Immunometabolic and potential tumor-promoting changes in 3D cervical cell models infected with bacterial vaginosis-associated bacteria
AffiliationDepartment of Obstetrics and Gynecology, College of Medicine-Phoenix, University of Arizona
Department of Basic Medical Sciences, College of Medicine-Phoenix, University of Arizona
MetadataShow full item record
CitationMaarsingh, J. D., Łaniewski, P., & Herbst-Kralovetz, M. M. (2022). Immunometabolic and potential tumor-promoting changes in 3D cervical cell models infected with bacterial vaginosis-associated bacteria. Communications Biology, 5(1).
RightsCopyright © The Author(s) 2022. This article is licensed under a Creative Commons Attribution 4.0 International License.
Collection InformationThis item from the UA Faculty Publications collection is made available by the University of Arizona with support from the University of Arizona Libraries. If you have questions, please contact us at email@example.com.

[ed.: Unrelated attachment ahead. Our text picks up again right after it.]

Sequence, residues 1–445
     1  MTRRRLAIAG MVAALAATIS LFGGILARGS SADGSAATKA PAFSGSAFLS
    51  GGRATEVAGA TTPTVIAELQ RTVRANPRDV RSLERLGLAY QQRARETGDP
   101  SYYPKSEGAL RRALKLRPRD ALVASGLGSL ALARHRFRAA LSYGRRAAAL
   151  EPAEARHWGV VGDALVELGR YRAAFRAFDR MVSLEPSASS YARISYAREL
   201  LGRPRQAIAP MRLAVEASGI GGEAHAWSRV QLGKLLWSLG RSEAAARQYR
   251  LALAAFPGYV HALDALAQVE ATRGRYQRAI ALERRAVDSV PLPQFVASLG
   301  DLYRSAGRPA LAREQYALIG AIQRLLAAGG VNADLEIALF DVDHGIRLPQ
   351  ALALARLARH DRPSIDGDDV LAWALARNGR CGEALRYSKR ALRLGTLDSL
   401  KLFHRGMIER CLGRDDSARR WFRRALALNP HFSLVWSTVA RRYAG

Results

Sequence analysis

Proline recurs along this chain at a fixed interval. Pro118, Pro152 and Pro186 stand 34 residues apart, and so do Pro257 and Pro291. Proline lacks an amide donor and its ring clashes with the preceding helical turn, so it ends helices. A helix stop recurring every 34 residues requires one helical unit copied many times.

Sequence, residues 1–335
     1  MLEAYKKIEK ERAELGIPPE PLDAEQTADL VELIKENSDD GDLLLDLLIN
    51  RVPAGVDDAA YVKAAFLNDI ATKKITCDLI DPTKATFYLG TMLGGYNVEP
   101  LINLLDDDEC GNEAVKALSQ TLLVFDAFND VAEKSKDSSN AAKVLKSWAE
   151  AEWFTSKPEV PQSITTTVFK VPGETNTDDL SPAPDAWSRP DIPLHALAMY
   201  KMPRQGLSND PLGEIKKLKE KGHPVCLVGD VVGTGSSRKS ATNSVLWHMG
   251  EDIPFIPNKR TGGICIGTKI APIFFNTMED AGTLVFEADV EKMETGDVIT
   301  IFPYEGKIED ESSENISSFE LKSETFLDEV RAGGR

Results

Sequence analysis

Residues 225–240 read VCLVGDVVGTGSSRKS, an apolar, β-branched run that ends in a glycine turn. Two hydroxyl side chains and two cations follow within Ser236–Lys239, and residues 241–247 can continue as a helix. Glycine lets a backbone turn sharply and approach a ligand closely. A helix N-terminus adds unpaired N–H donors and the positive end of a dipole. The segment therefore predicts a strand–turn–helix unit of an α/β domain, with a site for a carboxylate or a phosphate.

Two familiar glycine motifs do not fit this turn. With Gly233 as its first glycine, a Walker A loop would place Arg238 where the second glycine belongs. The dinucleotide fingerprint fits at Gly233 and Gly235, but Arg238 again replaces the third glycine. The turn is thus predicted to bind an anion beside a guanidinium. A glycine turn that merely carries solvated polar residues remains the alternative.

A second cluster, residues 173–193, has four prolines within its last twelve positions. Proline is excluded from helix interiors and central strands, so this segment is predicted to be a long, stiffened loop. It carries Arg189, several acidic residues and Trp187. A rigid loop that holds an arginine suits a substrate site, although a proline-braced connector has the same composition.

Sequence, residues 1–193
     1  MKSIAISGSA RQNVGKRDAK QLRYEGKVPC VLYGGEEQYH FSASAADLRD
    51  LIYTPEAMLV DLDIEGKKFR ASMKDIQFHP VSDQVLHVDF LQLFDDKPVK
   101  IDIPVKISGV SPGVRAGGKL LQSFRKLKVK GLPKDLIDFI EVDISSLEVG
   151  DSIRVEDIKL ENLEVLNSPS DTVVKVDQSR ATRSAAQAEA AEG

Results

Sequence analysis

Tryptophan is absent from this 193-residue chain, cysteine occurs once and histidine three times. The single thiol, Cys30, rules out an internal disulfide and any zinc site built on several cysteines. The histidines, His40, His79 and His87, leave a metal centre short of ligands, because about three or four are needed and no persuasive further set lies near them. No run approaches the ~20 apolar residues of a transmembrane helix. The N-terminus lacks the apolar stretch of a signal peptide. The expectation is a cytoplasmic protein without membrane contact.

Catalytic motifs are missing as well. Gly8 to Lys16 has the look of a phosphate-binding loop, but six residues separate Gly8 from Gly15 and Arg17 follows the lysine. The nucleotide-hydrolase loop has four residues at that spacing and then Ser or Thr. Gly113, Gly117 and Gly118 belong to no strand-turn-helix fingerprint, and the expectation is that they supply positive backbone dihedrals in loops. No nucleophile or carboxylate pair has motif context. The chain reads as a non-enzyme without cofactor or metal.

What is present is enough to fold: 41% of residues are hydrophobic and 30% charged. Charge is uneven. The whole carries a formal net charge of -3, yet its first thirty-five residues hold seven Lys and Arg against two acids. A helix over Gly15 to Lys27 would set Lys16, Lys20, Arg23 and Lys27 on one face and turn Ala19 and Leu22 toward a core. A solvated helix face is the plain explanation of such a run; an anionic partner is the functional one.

AbstractSpecific bacteria of the human microbiome influence carcinogenesis at diverse anatomical sites. Bacterial vaginosis (BV) is the most common vaginal disorder in premenopausal women that is associated with gynecologic sequelae, including cervical cancer. BV-associated microorganisms, such as Fusobacterium, Lancefieldella, Peptoniphilus, and Porphyromonas have been associated with gynecologic and other cancers, though the pro-oncogenic mechanisms employed by these bacteria are poorly understood. Here, we integrated a multi-omics approach with our three-dimensional (3-D) cervical epithelial cell culture model to investigate how understudied BV-associated bacteria linked to gynecologic neoplasia influence hallmarks of cancer in vitro. Lancefieldella parvulum and Peptoniphilus lacrimalis elicited robust proinflammatory responses in 3-D cervical cells. Fusobacterium nucleatum and Fusobacterium gonidiaformans modulated metabolic hallmarks of cancer corresponding to accumulation of 2-hydroxyglutarate, pro-inflammatory lipids, and signs of oxidative stress and genotoxic hydrogen sulfide. This study provides mechanistic insights into how gynecologic cancer-associated bacteria might facilitate a tumor-promoting microenvironment in the human cervix. © 2022, The Author(s).
NoteOpen access journal
VersionFinal published version
Except where otherwise noted, this item's license is described as Copyright © The Author(s) 2022. This article is licensed under a Creative Commons Attribution 4.0 International License.